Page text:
S1: Text → T3 → T1 → Text
S2: Text → T1 → T2 → Text
S3: Text → T2 → T3 → Text

◆ Transmit LWFG for S1 to the site for which


transaction T1 is waiting, site S2.
◆ LWFG at S2 is extended and becomes:

S2: Text → T3 → T1 → T2 → Text


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Distributed Deadlock Detection
◆ Still contains potential deadlock, so transmit
this WFG to S3:

S3: Text → T3 → T1 → T2 → T3 → Text

◆ GWFG contains cycle not involving Text, so


deadlock exists.

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Distributed Deadlock Detection
◆ Four types of failure particular to distributed
systems:
– Loss of a message.
– Failure of a communication link.
– Failure of a site.
– Network partitioning.
◆ Assume first are handled transparently by DC
component.

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Distributed Recovery Control
◆ DDBMS is highly dependent on ability of all
sites to be able to communicate reliably with
one another.
◆ Communication failures can result in network
becoming split into two or more partitions.
◆ May be difficult to distinguish whether
communication link or site has failed.

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Partitioning of a network

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Two-Phase Commit (2PC)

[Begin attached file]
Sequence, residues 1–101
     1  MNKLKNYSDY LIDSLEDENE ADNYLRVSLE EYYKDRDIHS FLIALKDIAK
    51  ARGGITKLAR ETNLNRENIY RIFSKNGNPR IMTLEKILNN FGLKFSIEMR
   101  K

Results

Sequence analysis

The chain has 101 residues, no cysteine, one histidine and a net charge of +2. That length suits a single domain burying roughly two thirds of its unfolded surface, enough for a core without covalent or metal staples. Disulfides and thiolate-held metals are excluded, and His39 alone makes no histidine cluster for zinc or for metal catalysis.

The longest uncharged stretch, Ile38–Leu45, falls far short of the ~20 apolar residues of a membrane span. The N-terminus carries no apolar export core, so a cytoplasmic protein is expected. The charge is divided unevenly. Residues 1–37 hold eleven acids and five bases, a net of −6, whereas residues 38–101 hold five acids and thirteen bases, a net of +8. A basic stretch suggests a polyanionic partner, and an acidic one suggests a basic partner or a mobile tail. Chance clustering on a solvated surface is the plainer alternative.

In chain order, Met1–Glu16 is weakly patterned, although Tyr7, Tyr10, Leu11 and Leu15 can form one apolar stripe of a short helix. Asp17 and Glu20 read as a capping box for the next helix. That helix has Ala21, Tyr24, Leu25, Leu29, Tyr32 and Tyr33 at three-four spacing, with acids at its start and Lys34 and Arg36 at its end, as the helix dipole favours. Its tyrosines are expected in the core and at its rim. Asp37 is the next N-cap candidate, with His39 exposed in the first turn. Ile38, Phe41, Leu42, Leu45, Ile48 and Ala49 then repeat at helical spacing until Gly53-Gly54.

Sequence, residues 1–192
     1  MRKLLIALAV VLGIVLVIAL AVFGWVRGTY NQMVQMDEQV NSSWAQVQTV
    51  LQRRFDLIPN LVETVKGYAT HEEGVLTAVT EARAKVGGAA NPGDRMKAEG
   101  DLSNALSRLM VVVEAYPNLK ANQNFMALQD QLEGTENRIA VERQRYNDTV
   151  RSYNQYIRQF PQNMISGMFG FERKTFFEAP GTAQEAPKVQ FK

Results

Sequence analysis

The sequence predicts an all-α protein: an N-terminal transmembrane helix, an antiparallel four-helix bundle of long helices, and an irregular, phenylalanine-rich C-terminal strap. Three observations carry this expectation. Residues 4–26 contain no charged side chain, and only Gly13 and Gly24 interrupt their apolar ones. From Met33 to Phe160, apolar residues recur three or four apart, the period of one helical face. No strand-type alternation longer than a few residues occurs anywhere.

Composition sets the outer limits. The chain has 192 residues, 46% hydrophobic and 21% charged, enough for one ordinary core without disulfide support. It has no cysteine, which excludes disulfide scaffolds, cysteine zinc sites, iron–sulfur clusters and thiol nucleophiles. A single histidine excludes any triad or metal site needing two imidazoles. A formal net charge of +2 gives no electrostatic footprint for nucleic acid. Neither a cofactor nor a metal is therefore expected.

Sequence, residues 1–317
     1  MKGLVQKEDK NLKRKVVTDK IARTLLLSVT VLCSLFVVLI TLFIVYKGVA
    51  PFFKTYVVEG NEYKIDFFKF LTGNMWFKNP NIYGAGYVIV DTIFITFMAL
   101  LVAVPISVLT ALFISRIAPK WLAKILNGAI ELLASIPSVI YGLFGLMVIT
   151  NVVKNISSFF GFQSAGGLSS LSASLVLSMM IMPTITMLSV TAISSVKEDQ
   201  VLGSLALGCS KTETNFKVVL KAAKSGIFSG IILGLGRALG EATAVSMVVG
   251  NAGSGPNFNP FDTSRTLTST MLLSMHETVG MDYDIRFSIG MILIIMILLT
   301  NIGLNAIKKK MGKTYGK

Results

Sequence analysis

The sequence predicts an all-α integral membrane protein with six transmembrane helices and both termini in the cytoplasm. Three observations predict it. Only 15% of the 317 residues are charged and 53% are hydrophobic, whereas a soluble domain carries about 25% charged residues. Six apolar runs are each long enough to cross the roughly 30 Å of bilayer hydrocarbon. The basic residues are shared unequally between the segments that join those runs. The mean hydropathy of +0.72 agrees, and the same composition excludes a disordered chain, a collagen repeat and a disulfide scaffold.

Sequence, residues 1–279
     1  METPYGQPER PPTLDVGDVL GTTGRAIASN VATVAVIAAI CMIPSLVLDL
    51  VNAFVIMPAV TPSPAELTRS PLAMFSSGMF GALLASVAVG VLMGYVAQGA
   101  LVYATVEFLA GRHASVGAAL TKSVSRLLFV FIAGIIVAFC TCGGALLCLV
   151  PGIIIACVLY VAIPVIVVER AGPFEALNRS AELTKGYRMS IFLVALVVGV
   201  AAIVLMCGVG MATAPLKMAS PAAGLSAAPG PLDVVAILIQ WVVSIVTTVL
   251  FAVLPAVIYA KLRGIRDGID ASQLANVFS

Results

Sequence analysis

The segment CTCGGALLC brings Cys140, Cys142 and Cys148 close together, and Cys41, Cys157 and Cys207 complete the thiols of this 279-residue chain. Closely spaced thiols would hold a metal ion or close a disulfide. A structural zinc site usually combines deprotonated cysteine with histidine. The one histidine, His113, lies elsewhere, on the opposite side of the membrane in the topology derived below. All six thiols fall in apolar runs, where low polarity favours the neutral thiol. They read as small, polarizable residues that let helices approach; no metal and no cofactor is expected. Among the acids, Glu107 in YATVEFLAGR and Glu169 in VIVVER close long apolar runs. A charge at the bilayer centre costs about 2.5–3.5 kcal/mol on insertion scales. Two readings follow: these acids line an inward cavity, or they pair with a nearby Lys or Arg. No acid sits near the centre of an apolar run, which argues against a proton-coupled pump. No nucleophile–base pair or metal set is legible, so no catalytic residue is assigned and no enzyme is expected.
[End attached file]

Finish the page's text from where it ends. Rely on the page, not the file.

◆ Two phases: a voting phase and a decision phase.
◆ Coordinator asks all participants whether they
are prepared to commit transaction.
– If one participant votes abort, or fails to
respond within a timeout period, coordinator
instructs all participants to abort transaction.
– If all vote commit, coordinator instructs all
participants to commit.
◆ All participants must adopt global decision.

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Two-Phase Commit (2PC)
◆ If participant votes abort, free to abort
transaction immediately
◆ If participant votes commit, must wait for
coordinator to broadcast global-commit or
global-abort message.
◆ Protocol assumes each site has its own local log
and can rollback or commit transaction reliably.
◆ If participant fails to vote, abort is assumed.
◆ If participant gets no vote instruction from
coordinator, can abort.